> After spending hours scrolling through Instagram, Facebook, Twitter or Flipboard our mind feels tired. We feel intellectually bloated, and yet completely unsatisfied. Why? Because there is more out there. What if I’m missing out on something? What if there is some critical piece of knowledge just three flicks of my finger upwards?
The author seems to be essentially describing an addiction, and suggesting that the compulsions can be ameliorated by placing arbitrary divisions in the consumption stream. I have to admit, it would be interesting to see if there's a difference in consumption behavior between infinite scroll schemes and manual "Next Page" navigation... maybe this has already been studied?
It would probably be overkill to force this on users ("sorry, we're taking away infinite scroll because some of you couldn't control yourselves") but I can see it being potentially useful as an option in apps, available for those who find themselves in need of structure.
Anyway, I'm not entirely convinced it would solve addiction... after all, cigarettes come in discrete units, and we all know how that turned out.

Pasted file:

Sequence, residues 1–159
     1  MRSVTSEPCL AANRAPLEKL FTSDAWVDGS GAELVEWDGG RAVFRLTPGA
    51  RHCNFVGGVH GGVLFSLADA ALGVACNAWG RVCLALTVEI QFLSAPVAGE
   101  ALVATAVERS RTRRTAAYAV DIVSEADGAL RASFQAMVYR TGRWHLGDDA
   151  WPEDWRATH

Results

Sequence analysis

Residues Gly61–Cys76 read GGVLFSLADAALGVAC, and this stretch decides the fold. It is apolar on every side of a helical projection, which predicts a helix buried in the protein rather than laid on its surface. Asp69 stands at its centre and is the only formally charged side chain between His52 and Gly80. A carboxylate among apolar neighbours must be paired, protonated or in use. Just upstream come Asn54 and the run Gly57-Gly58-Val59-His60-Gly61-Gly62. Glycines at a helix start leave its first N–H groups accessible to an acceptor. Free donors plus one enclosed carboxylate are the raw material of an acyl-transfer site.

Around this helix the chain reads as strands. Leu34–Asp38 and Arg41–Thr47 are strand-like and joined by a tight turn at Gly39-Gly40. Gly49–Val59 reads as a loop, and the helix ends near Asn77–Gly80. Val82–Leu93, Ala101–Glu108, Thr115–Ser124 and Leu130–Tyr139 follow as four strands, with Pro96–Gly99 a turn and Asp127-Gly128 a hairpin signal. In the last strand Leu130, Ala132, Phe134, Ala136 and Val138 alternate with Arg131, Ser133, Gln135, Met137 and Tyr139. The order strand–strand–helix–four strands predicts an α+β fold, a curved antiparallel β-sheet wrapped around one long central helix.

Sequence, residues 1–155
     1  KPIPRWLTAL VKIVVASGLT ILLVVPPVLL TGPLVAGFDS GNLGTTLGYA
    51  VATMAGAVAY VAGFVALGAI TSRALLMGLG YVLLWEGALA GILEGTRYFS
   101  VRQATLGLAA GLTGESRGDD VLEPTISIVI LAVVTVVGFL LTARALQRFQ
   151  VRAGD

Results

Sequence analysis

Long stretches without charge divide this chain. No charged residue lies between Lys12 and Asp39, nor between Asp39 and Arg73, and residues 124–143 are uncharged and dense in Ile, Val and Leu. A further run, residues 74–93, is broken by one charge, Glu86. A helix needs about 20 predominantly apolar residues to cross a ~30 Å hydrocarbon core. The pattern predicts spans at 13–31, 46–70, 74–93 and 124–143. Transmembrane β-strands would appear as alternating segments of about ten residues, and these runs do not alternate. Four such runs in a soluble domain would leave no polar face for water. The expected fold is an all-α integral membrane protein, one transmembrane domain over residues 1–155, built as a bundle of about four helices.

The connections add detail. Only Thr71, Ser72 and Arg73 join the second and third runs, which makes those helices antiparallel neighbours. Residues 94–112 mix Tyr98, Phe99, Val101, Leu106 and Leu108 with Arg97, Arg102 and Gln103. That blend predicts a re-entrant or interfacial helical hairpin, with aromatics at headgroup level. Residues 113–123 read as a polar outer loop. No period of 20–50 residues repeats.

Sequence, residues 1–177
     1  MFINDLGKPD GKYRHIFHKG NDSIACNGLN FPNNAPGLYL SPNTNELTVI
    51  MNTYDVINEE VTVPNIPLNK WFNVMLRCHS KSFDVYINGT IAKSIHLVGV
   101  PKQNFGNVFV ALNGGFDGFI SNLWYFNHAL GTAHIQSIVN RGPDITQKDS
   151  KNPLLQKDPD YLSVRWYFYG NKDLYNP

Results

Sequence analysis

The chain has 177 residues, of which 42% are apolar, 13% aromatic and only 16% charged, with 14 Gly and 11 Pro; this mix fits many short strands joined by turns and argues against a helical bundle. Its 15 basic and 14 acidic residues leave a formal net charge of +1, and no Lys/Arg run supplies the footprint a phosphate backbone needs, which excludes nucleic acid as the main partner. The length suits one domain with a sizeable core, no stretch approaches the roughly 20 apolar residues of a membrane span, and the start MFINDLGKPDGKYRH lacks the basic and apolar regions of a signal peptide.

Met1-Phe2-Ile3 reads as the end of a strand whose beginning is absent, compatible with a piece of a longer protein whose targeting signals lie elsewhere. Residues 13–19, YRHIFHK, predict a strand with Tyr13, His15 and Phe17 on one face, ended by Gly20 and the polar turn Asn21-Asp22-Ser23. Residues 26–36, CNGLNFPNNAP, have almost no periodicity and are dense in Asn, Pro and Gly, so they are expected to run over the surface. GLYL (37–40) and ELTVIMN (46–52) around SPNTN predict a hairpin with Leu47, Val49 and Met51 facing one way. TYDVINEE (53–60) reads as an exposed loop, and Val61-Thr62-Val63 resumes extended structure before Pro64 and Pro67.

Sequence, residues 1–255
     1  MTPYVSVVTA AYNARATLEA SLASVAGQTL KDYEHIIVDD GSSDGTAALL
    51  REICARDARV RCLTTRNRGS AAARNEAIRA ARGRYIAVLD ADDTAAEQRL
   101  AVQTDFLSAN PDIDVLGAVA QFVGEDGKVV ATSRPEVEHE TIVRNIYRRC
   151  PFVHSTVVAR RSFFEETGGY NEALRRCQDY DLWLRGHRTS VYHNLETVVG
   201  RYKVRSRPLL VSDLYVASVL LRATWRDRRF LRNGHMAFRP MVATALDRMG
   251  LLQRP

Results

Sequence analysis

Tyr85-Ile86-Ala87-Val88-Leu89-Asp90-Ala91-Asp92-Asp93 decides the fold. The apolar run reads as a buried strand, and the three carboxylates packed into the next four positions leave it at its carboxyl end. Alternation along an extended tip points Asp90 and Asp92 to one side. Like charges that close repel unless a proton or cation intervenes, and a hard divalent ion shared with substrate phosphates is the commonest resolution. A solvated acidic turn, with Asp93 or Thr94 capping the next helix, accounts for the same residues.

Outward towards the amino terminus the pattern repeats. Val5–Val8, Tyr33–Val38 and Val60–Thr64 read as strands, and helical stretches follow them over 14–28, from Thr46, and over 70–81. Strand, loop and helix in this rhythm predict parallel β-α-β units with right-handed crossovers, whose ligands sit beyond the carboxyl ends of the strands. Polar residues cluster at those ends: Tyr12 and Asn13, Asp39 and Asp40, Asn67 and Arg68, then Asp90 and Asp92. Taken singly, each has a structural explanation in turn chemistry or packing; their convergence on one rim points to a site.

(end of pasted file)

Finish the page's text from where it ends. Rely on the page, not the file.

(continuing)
From experience, I can confirm that there is a pretty massive subjective difference between scrolling through a book vs. reading it in page size chunks. When I scroll through something, especially if it is dense, I tend to be continually moving the page so that I keep the sentence I am reading in the middle of the screen. Since I often scan up and down around a point in the text to gain context and solidify the meaning this has led to less retention of knowledge when I scroll through as opposed to page through. There is probably more to it as well though, because I definitely feel that bloated feeling mentioned. What's more, I feel it even during short chapters, when the same amount of text read in paged form would not give me any trouble.
Not sure if this is replicated by others, but this may reveal something fundamental about how I interpret information in printed form.
I think you're not the only one. I feel sort of a sense of anxiety in that I have to keep scrolling while reading if I'm reading a book without discrete pages (infinite scrolling also becomes a distraction from the content). If the layout is reformatted as pages, I know when a page begins and ends and don't have that feeling any longer.
I'd never willingly implement or recommend infinite scrolling on a website or mobile app. If a client wants it, I would dissuade them at first with reasons against it, but if they insisted I would implement it reluctantly with a fallback to pagination.